29th Conference on Hurricanes and Tropical Meteorology


A study of the influence of the Saharan Air Layer on tropical cyclones using TOMS data

E.M. Hicks, Université des Antilles et de la Guyane, Pointe ŕ Pitre, Guadeloupe; and C. A. Pontikis

Recent studies (Dunion and Velden, 2004; Evan et al., 2006; Niscovic et al., 2008) have shown that the Saharan Air Layer (SAL) tends to inhibit tropical cyclone (TC) formation and further development. Although, the thermodynamical and dynamical conditions that characterize the air masses in presence of the SAL (strong temperature inversion, mid-level jet and intense shear) are theoretically inhibiting conditions for TC formation and evolution, the role played by the transported dust, particularly on the cloud microphysics and consequently the TC development, remains still unclear. A quick look at the TC behavior in presence of dust reveals that some of them remain insensitive to the dust presence (either no change in intensity or intensifying), whereas some others decrease in intensity. The main goal of this work was to check the possibly inhibiting role of the SAL and of the contained dust on TC formation and development by using TOMS aerosol index (AI) data corresponding to the 1979-2007 period. The number of pixels containing dust and the corresponding AI values in an Atlantic box (0°-30° N, 15°-60°W) for the time laps between 20 August and 30 September (as in Evan et al. (2006)) were analyzed in relation to the successive positions of the 78 TC (344 cyclonic days) that crossed the box in the same time laps. The mapping of the mean AI values for the 1979-2007 period and the position of all the TCs on the day they were named shows that the TCs are positioned all along the southern and western boundary of the mean AI value of 1.5, thus suggesting an AI cut off value above which cyclogenesis is strongly inhibited. The analysis of the aerosol TOMS map for each day that a TC was named, in relation to its position, reveals that up to 35% of the TC were named on dust (AI<1.5) and cyclogenesis occurs therefore mainly in dust free regions. For the 344 cyclonic days studied, there is an increase in TC intensity on 45% of the days, a decrease for 17% of the days and no change for 38% of the days. In presence of dust, the behavior of the TC development tends to indicate more cases of intensification (26%) than weakening (13%), no change in intensity being the most common behavior (61%). Nevertheless, when taking into account the total number of cyclonic days corresponding either to an increase in intensity or to a weakening, there is roughly the same percentage of days (8%) with intensification and weakening in the presence of dust. Further, the presence of the dust seems to affect differently the development of the TC according to its position relative to the dust. Most commonly, the TCs intensify when the dust is located in the region above the TC daily trajectory (no penetration of the dust into the TC and subsequently no interaction), and decrease or do not change intensity when dust is situated under the TC daily trajectory.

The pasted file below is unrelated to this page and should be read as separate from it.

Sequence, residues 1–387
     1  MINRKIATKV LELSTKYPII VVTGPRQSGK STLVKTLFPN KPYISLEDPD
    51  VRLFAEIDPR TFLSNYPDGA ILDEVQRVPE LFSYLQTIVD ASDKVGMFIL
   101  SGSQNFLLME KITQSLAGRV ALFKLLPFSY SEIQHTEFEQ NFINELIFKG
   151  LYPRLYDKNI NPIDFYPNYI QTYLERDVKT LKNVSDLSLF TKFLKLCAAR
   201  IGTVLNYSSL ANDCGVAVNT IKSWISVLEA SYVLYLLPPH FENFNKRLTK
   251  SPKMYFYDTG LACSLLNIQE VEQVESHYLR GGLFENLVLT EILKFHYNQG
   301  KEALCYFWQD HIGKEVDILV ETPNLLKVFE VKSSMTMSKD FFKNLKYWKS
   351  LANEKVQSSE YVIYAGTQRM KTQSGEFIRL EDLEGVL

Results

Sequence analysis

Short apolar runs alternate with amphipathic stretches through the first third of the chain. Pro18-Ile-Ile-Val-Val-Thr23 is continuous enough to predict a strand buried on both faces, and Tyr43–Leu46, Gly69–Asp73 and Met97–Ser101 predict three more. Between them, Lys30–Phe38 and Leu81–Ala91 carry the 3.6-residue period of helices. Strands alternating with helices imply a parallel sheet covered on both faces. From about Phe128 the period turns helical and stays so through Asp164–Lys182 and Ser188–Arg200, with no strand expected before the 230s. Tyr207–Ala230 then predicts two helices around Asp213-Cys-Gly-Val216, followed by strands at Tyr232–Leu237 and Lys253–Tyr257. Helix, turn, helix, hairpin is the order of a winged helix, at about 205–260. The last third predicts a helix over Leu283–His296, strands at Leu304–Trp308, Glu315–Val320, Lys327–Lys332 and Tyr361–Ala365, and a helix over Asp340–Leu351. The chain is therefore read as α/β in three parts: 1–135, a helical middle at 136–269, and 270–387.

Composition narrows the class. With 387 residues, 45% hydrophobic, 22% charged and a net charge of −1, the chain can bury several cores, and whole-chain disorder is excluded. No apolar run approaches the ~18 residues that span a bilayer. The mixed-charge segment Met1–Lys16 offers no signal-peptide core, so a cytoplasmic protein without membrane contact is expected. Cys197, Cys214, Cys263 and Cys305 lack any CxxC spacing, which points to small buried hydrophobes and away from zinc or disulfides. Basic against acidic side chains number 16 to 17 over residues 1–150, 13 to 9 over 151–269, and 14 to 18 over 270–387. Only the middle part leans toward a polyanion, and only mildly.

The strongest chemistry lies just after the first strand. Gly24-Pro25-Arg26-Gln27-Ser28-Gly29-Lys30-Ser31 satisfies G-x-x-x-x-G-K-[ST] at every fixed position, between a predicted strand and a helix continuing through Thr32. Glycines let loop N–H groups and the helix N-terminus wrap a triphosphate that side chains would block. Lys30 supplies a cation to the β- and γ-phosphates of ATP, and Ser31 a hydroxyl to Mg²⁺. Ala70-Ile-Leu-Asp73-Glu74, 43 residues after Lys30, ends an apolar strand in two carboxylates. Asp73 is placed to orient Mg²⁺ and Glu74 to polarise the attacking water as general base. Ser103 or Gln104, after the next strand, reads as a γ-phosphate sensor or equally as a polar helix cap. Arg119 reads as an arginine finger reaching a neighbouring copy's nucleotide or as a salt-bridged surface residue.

Dunion, J.P., and C.S. Velden , 2004 : The impact of the Saharan air layer on Atlantic tropical cyclone activity, BAMS; March 2004. Evan, A.T., J.Dunion, J.A. Foley, A.K. Heidinger, C.S. Velden, 2006 : New evidence for a relationship between Atlantic tropical cyclone activity and African dust outbreaks, Geoph. Res. Letters, 33, L19813. Nickovic, S., C. Perez, O. Jorba, J.M. Baldasano, 2008 : Atlantic tropical cyclones and Saharan dust : a simulation study, Geoph. Res. Abstracts, 10, EGU2008-A-06697, EGU General Assembly, 2008.

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Poster Session 1, Posters: TCs and Climate, Monsoons, HFIP, TC Formation, Extratropical Transition, Industry Applications, TC Intensity, African Climate and Weather
Tuesday, 11 May 2010, 3:30 PM-5:15 PM, Arizona Ballroom 7

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